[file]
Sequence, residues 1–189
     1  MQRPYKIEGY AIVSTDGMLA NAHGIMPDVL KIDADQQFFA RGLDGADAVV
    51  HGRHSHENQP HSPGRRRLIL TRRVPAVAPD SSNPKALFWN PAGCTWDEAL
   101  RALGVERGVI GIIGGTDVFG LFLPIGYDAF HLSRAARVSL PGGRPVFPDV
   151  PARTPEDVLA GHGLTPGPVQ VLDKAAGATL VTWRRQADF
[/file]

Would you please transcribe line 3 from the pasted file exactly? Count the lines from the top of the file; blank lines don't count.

    51  HGRHSHENQP HSPGRRRLIL TRRVPAVAPD SSNPKALFWN PAGCTWDEAL